The postponement of the BNP Paribas Open in Southern California because of the coronavirus has done more than temporarily idle the men’s and women’s pro tennis tours. It has jolted the Coachella Valley's economy during peak tourist season in the desert.
The two-week tournament's economic impact to the area topped $400 million in the most recent survey done in 2017. It was set to run Monday through March 22. Based on the survey it has attracted upwards of 450,000 people, including 124,000 from outside the region.
“It's one of our biggest events of the year,” Scott White, president and CEO of the Greater Palm Springs Convention & Visitors Bureau, said by phone Monday. “This is a tough one to get through. I think a lot of people were very surprised by the postponement.”
White said the bureau would begin surveying hoteliers and area attractions Tuesday to find out the impact of not holding the tournament at this time after a case of coronavirus was confirmed in the Coachella Valley. He said hotels and restaurants are using enhanced cleaning methods to protect guests and workers.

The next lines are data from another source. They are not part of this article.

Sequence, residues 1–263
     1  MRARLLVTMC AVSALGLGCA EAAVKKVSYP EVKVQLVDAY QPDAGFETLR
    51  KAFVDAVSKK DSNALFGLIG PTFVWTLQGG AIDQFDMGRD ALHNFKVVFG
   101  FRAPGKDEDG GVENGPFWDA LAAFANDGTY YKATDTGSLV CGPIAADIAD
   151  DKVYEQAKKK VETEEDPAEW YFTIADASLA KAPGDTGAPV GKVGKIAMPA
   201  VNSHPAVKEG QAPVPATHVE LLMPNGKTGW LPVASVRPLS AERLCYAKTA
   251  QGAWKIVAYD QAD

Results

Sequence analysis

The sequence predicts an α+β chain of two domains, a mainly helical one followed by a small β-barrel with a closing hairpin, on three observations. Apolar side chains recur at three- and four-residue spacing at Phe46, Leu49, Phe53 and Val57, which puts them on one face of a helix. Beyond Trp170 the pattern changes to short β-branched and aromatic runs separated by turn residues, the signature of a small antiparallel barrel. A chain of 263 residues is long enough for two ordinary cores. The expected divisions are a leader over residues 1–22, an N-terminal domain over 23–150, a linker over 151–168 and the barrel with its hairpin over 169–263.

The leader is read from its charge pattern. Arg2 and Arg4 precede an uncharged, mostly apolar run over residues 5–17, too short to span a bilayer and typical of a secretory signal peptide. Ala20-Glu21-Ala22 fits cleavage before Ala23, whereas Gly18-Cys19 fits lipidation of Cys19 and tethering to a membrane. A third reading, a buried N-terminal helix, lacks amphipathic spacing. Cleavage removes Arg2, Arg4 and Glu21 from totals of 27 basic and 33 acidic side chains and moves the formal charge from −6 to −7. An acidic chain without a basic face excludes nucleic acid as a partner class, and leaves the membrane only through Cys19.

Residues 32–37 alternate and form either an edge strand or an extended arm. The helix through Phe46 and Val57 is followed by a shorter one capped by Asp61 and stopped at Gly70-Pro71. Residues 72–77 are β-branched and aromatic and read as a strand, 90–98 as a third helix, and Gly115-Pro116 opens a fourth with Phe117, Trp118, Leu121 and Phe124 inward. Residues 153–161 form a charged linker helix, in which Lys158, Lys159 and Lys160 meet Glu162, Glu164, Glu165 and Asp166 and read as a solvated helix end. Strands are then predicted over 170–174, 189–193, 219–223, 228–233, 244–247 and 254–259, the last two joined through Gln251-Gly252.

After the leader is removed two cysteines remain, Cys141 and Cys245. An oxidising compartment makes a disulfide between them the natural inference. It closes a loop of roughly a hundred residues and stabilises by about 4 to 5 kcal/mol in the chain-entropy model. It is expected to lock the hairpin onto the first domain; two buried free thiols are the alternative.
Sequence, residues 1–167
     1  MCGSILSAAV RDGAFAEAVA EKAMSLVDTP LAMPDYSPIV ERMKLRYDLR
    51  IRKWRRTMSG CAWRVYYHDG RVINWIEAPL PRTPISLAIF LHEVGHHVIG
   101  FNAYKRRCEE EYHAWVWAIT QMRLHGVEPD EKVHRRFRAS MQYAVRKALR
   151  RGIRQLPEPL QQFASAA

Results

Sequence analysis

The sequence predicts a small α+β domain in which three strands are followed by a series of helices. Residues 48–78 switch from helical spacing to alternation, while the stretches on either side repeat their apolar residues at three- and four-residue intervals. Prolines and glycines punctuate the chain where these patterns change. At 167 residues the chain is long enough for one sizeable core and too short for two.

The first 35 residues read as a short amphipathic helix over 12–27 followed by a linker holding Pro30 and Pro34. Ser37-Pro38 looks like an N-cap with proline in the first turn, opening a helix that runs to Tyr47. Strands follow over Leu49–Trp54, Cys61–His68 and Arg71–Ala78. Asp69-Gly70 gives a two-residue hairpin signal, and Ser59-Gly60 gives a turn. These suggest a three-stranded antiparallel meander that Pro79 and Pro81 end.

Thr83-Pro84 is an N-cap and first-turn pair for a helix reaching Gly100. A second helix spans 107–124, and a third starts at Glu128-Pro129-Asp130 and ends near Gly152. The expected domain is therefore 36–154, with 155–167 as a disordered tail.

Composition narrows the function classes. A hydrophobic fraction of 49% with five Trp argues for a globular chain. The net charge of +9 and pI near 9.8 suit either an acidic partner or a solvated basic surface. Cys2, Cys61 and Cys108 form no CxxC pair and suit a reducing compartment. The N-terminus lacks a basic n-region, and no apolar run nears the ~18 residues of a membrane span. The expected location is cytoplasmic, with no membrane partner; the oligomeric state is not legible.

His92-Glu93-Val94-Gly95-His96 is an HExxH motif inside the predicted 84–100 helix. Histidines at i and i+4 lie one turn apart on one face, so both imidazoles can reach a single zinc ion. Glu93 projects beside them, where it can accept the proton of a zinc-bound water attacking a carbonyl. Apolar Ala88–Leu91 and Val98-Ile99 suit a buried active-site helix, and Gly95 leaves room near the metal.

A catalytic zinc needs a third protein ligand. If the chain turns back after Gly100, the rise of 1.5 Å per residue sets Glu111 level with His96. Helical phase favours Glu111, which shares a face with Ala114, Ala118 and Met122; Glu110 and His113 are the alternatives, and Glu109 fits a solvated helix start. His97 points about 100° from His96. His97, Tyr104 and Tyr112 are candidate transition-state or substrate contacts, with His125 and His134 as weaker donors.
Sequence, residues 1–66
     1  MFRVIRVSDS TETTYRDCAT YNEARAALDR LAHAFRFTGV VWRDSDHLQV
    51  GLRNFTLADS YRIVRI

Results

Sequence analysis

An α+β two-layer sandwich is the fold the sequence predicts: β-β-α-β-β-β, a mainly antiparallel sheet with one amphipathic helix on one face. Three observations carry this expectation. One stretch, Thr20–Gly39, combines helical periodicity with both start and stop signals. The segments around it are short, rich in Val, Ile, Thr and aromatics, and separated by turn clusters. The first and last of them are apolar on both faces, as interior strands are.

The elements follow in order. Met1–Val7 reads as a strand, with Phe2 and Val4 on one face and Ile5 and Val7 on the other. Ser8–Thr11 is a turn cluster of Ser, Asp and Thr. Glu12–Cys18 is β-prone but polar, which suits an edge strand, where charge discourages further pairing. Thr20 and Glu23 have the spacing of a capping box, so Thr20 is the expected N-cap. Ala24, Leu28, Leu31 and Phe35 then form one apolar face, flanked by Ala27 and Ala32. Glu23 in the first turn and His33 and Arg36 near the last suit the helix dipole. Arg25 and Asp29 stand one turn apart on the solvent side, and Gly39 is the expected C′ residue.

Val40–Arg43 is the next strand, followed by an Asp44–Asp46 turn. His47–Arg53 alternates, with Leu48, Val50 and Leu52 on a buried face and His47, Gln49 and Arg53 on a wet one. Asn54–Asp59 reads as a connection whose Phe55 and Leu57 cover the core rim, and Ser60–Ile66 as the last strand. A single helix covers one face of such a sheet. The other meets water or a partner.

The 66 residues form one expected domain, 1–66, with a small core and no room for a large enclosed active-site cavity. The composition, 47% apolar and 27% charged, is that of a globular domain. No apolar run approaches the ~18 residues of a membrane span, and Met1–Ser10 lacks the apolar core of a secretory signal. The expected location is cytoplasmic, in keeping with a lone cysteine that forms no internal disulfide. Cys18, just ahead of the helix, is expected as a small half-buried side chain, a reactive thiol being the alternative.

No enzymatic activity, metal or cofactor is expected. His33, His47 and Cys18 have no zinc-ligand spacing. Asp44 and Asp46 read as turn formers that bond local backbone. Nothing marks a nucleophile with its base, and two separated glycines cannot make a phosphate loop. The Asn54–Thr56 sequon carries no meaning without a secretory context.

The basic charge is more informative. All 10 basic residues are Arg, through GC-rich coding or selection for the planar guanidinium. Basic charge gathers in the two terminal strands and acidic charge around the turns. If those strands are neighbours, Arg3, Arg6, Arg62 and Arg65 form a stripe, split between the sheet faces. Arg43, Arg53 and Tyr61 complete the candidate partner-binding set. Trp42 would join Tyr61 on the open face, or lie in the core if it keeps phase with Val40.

The Riverside County Public Health Department declared a public health emergency for the desert cities 110 miles east of Los Angeles, including Indian Wells where the ATP and WTA tours were to play the combined event that offers prize money of over $17 million.
Riverside County health officials on Monday announced three new novel coronavirus cases in the Coachella Valley, bringing the area total to six.
Dr. Cameron Kaiser, county public health officer, said the three infections were either the result of travel into areas where COVID-19 has been confirmed or contact with a known case. Two of the individuals have been isolated at home, Kaiser said, while the third is being cared for at a Coachella Valley hospital.
The county said its first locally acquired case involves a patient who is being treated at Eisenhower Health in Rancho Mirage. Public health investigators have not been able to determine how the individual was infected, Kaiser said.